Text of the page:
Take, for example, my fascination with reading about randonneuring over the past few years. I love everything about the sport: the bikes, the adventure, the scenery. I used to read the rider's stories on the RUSA website and think that if I had been the author, I would have had a heck of an experience.
Yesterday's Ohio 300K Brevet gave me plenty of time to come to several realizations. These nuggets of wisdom are only hinted at in randonneur's stories, but I've not found them in print. So, if you are thinking you might like to try a brevet, read on.
Nugget #1 - The weather on a brevet is never ideal. Despite the forecast, the weather will never be what you hope. Usually it is much colder than predicted, and windier. If there is a 20% chance of rain, plan on it being an all-day down pour.
Nugget #2 - Regional Brevet Administrators (RBA's) always down play how hilly the route actually is. "It's really not that hilly - except for a few hills around Mohican State Park". If an RBA even mentions there may be a hill on the course, plan on panting for several hours as you watch your speedometer stick at 4.5 mph.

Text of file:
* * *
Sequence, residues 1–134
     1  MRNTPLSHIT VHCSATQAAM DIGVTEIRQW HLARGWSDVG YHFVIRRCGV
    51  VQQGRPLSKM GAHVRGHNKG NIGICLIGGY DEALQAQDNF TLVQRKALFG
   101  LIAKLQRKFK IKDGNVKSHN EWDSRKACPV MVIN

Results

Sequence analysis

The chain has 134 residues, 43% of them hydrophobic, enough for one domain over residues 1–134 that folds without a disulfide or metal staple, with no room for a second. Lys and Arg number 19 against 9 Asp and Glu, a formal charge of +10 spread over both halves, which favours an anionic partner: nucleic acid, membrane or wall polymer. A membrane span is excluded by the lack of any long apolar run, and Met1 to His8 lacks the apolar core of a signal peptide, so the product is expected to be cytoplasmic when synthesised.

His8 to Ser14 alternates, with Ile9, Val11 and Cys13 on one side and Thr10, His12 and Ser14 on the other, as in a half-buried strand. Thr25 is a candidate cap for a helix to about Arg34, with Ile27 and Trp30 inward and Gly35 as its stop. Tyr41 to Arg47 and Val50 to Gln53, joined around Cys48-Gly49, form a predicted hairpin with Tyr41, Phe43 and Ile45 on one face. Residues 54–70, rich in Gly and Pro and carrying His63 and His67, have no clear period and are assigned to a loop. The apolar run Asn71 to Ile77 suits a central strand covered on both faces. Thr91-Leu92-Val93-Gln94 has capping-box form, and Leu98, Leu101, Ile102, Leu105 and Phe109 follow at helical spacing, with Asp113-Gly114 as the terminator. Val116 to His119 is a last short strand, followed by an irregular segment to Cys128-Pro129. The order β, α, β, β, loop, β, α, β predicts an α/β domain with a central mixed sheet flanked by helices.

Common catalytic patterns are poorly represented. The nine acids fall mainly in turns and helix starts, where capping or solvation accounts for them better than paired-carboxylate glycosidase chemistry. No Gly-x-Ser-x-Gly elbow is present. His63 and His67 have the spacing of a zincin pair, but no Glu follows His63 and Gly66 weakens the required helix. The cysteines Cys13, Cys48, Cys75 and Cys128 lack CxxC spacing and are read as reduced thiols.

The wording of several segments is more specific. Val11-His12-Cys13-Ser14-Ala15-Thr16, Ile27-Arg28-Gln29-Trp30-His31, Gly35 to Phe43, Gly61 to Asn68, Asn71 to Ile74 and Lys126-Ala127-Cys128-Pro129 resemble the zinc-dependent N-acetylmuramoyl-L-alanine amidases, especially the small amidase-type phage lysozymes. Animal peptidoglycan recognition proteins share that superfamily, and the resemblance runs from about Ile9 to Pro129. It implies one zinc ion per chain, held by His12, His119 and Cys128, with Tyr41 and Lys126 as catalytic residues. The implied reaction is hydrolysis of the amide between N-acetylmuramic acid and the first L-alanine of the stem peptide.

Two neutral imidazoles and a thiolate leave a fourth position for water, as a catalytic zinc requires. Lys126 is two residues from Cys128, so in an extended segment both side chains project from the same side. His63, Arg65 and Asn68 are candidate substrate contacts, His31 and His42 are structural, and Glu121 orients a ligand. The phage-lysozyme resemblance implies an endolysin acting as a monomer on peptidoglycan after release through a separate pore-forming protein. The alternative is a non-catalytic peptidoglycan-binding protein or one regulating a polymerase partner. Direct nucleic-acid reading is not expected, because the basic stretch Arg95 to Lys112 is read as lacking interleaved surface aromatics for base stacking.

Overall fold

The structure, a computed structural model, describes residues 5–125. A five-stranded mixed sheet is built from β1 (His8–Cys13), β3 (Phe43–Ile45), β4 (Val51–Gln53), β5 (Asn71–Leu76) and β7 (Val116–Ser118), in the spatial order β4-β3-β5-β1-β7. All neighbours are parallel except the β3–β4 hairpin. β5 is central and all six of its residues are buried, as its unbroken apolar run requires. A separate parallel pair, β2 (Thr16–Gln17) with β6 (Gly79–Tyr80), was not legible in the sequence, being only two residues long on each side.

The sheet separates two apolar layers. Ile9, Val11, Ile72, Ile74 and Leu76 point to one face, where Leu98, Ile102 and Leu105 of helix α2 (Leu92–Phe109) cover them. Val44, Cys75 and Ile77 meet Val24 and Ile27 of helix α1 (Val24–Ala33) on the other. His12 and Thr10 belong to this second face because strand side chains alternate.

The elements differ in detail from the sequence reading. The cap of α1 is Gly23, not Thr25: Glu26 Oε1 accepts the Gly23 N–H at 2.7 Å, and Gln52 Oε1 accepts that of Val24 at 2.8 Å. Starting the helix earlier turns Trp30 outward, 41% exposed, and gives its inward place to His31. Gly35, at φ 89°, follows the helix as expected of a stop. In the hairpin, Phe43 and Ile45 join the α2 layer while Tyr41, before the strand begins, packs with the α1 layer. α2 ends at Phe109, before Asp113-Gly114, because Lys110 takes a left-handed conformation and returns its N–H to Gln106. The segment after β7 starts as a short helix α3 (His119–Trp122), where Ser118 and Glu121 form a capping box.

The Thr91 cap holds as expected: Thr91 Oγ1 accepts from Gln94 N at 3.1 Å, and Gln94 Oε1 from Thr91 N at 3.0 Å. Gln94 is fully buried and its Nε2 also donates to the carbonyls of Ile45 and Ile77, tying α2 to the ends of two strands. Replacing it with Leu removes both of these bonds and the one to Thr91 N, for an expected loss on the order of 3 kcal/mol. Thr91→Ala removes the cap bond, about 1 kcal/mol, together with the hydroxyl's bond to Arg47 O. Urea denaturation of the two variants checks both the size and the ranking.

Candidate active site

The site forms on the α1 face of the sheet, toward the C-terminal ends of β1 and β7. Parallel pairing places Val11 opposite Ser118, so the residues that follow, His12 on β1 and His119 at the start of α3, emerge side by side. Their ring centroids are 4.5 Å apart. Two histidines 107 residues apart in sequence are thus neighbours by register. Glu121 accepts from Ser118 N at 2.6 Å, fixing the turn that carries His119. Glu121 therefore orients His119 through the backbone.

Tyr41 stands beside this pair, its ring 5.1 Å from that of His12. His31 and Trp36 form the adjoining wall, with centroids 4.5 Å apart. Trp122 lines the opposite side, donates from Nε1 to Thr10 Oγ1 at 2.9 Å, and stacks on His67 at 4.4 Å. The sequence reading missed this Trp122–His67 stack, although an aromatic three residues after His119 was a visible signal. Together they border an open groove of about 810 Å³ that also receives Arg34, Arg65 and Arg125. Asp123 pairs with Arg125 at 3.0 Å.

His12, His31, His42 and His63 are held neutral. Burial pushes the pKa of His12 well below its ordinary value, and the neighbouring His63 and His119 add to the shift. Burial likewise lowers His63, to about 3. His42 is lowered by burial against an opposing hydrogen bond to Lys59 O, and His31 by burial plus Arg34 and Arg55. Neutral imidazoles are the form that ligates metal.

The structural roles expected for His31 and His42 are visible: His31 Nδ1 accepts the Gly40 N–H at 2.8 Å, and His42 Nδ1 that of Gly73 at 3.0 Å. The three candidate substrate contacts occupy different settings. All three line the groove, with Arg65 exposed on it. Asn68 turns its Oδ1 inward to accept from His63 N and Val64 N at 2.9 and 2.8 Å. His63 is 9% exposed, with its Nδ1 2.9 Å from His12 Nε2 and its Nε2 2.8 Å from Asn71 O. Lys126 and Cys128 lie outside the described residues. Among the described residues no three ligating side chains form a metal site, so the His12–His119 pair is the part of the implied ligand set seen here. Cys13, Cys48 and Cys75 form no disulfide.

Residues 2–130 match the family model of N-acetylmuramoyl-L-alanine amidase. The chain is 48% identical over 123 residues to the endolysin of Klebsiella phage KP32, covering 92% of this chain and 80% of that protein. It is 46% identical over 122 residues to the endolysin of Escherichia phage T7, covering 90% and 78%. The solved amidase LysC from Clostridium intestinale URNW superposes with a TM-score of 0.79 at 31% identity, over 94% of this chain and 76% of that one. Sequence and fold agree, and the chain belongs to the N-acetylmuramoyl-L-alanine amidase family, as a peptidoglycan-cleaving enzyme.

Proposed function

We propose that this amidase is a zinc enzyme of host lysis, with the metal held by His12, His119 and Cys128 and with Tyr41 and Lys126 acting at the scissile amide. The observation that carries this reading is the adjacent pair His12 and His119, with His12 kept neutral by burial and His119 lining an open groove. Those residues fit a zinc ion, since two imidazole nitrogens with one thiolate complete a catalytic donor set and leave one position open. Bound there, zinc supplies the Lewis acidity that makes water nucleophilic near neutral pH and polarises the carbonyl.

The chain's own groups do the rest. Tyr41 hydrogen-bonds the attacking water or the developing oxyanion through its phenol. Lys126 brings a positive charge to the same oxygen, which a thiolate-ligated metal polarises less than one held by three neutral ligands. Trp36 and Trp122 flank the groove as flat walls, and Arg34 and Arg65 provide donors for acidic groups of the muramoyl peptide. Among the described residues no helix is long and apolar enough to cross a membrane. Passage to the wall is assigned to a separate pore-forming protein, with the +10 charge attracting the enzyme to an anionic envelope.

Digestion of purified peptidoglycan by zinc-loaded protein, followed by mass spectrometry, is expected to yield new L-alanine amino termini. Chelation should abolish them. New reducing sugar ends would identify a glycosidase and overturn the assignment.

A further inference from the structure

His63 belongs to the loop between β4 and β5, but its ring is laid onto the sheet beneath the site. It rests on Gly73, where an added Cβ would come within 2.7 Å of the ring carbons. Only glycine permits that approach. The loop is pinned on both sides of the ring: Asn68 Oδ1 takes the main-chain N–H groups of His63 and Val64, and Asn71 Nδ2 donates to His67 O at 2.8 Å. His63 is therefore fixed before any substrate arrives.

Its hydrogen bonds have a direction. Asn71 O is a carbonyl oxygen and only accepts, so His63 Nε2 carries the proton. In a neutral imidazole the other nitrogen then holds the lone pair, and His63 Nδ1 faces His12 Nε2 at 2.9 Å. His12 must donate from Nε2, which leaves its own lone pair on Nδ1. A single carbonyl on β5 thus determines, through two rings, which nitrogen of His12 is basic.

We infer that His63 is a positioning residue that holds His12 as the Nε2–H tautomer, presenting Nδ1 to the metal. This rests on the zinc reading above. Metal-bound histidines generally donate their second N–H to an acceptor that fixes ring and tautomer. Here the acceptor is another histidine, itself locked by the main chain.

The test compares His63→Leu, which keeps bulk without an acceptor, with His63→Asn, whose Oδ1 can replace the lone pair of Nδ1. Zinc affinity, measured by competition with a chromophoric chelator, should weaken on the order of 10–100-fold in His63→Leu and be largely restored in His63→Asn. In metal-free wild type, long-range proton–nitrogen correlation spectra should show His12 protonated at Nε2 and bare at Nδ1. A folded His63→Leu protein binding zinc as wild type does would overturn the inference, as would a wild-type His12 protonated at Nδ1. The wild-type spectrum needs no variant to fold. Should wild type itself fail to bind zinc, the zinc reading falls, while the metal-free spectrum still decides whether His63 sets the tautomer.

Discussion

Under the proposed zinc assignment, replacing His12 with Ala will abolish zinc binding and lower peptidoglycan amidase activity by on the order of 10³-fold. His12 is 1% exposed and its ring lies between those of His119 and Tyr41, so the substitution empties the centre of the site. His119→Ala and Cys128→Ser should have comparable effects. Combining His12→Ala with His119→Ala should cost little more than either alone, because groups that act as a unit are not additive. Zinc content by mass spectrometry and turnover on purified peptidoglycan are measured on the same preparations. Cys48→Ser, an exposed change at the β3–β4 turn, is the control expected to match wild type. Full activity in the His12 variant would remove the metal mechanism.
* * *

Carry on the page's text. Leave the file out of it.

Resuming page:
Nugget #3 - I may be optimistic here, but count on 10% of each route to be located on smooth roads. The other 90% of the route will shake bolts out of your bike. Be sure to use plenty of Lok-tite.
Nugget #4 - Make peace with the phrase, "What the Hell am I doing here?" You'll ask yourself that many times, like when you're climbing a big hill (especially the one near Mohican State Park), or when your turn a corner and feel how the cold, wind-swept rain stings your face. Unless you quit the ride, you'll just have to accept you'll be asking that often.
Nugget #5 - The other people you're riding with feel as miserable as you do, even though they don't show it. So don't ruin a good thing by complaining. By working together, you can buoy one another and make miserable circumstances seem much better.
Nugget #6 - As miserable as you might feel, the pain seems to go away when you see the final control. An overwhelming sense of satisfaction settles in, and very shortly you are looking ahead to your next long ride.
Well, that's what I've learned so far. I could say a bit about bike condition and working on your bike before a brevet (never, ever wait until just before a ride to try to fix something), but I'll save that for later.
Yesterday's ride was a game changer for me. I've done many brevets, but I think I became a randonneur last night when I finished the ride.
PS Steve A, I'm going to use the Tricross for the 600K ride. My Treks are no match for the roads and hills of eastern Ohio.